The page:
Mine waste biotechnology
A differentiator for Canadian critical minerals
How can Canada take advantage of the critical mineral opportunity while still holding true to values like environmental stewardship and a commitment to ESG performance?
As someone who works in the Canadian innovation sector focused on mining, I may be a bit biased, but I think a big part of the answer can certainly be found in our ability to innovate new ways of doing things. New, eco-friendly technologies and techniques can accelerate critical mineral development and ensure that the minerals mined in our country are extracted in a method with the least environmental impact possible. Over the last decade, I have been fortunate enough to have a front row seat for the exciting development of one group of technologies that will contribute to this effort, biotechnologies. I have seen this nascent technology develop from early lab-based proof of concepts to the precipice of a full-scale specialized research centre focusing on accelerating the deployment of these technologies in the field. Here is some of the story so far.
I attended a presentation on a particularly warm June day in 2012 at the Vale Living with Lakes Centre at Laurentian University in Sudbury. The centre had not been open long, and the air conditioning had not yet been optimized to cope with the heat. The topic being discussed was new to me. It was about a concept called biomining. Dr. Nadia Mykytczuk, then a research scientist at the university, was extolling the benefits of this exciting process through which micro-organisms are harnessed, optimized, and used to break down mine waste. As a technology lover, I was instantly obsessed with the idea that bugs eat rocks and make it easier to manage mine tailings. At the time, Dr. Mykytczuk’s work focused on cold adapted strain of bacteria extremophiles called Acidithiobacillus ferrooxidans that remain active in their mine waste eating duties even at ambient temperatures up to –15°C. While the winter season seemed far from my mind as I sat in the sweaty lecture hall, this was an important discovery as it meant that leaching methods that were, until that point, thought to be only suitable for hotter climates could potentially be used in northern climates as a means of remediating mine waste.
After her talk, I immediately rushed to the lectern to see how I could be involved or somehow be part of bringing this technology to life. After this initial meeting, Dr. Mykytczuk has had remarkable success in piloting techniques and technologies like this with various industry partners. Though successful, Dr. Mykytczuk and I often corresponded about how to effectively translate this new knowledge from the lab to the field. Early conversations circled around programming and infrastructure that would shepherd research in biotechnology solutions to willing mining sector adopters. At the time, these were just musings, as it would take time for a sharp vision to coalesce. We did not have to wait too long.
Getting biotechnology solutions proven, scaled, and adopted in the mining sector has not been without its share of challenges. There is an identified need to make these important technologies faster and easier to adopt. Enter the Centre for Mine Waste Biotechnology; in many ways, a culmination of Dr. Mykytczuk’s work, the centre will work to provide a pilot-scale facility equipped with tools and expertise to accelerate the commercialization of genomics-based bioremediation and bioleaching technologies. Access to this scale of research is a crucial step in bridging bench-to-market gaps in the commercialization pathway. Led by recognized mine waste experts from academia and industry who are experienced at successfully bringing discoveries from bench to mine, the centre will move waste biotechnology innovations from research ideas to reality.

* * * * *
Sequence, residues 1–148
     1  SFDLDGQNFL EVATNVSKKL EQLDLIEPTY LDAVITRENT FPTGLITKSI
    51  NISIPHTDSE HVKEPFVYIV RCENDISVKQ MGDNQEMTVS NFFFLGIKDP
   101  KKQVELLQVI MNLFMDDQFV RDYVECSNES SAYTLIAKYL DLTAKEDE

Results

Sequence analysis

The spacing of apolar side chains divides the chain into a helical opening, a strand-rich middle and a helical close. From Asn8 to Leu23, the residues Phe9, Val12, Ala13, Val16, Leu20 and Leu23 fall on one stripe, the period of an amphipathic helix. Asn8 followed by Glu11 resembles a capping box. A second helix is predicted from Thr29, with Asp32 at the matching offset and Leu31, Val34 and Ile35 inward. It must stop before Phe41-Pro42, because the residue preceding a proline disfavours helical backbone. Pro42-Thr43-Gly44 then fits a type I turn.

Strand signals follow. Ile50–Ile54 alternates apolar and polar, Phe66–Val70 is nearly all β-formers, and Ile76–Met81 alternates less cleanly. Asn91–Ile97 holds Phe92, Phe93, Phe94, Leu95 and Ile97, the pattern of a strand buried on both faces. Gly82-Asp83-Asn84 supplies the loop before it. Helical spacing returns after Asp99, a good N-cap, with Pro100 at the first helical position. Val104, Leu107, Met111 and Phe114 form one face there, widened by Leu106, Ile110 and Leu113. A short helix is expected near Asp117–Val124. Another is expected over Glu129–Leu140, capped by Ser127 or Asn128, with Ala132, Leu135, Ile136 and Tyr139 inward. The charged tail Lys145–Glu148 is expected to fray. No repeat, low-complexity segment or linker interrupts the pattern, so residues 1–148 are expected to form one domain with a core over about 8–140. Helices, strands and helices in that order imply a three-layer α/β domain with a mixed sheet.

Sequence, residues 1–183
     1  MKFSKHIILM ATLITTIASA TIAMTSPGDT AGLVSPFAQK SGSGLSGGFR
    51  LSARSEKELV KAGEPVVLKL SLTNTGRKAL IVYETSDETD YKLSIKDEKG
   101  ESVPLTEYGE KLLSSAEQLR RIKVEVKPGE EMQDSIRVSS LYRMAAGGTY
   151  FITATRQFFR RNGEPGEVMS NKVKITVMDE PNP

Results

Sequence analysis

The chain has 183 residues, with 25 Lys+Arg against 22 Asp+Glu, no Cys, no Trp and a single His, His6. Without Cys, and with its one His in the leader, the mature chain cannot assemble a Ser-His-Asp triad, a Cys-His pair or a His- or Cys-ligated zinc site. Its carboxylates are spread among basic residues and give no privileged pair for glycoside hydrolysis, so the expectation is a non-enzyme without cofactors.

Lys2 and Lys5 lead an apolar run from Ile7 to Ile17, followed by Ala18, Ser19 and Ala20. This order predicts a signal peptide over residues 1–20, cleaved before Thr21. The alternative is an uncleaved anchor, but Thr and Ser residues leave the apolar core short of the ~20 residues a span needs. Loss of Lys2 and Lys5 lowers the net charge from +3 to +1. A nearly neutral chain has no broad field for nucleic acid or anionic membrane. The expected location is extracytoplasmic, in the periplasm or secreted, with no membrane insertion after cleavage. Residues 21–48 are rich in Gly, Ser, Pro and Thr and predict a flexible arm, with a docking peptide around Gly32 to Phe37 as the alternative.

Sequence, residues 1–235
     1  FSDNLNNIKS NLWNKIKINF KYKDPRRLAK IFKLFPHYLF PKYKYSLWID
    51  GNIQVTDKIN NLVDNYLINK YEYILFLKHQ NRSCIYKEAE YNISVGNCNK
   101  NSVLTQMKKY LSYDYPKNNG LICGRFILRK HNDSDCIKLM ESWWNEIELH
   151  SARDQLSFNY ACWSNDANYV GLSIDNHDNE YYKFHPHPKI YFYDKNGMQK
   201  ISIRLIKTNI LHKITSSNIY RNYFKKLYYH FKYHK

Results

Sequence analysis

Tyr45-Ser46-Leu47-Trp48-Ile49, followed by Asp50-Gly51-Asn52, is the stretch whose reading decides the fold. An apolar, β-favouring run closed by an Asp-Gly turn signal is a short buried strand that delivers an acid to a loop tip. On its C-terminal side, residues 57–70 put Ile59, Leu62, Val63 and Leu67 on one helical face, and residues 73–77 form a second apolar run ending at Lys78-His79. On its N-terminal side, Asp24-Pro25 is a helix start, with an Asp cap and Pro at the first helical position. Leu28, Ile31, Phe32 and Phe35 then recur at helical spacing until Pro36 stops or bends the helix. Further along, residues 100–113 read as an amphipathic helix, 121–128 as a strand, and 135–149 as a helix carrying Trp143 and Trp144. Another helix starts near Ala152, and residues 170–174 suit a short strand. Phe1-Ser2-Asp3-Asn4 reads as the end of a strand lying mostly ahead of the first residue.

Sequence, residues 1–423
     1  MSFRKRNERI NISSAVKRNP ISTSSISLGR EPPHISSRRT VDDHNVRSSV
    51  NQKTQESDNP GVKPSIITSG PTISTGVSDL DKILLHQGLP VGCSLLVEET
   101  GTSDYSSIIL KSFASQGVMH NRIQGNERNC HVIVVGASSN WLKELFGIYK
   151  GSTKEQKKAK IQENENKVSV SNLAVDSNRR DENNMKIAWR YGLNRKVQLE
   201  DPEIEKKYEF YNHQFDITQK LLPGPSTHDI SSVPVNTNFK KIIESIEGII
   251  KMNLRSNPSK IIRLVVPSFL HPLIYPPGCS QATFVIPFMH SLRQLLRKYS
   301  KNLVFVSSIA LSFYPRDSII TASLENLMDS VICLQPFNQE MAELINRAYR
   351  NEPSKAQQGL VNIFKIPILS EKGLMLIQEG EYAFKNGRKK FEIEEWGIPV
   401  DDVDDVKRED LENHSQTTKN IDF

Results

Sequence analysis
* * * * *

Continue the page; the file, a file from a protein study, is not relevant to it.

The core technical function of the centre will be multi-faceted to support technologies from multiple subject areas at various stages of development towards deployment. The centre’s team, along with multi-stakeholder collaborators, will work across sectors to develop and test biotechnology treatments for extracting minerals, repurposing waste into usable products, and stabilizing environmental contaminants. Critically, this will not be theoretical research. Rather, the centre will be focused on applied projects and further biotech startups at higher technology readiness levels focusing on technology from the viable prototype stage through to implementation and commercialization.
Currently, the team at MIRARCO Mining Innovation, where Dr. Mykytczuk is now CEO, is working hard to make the centre a reality. She is joined by a group of people that share in the vision for the centre who are working behind the scenes to advance the cause. While there is still much work to do, the centre offers an attractive vehicle to accelerate critical mineral production while also protecting the environment. For anyone paying attention to the projections for new mineral demand over the next few decades, it is obvious that mining intensity is set to increase immensely. To maintain competitive advantage, initiatives like this centre will be critical. For the electric vehicle market, it is not enough to make materials available to the auto sector. The true advantage for Canada will be to make these materials available while employing all-Canadian technologies that extract, refine, and manage waste in the cleanest way possible.
Steve Gravel is the manager of the Centre for Smart Mining at Cambrian College.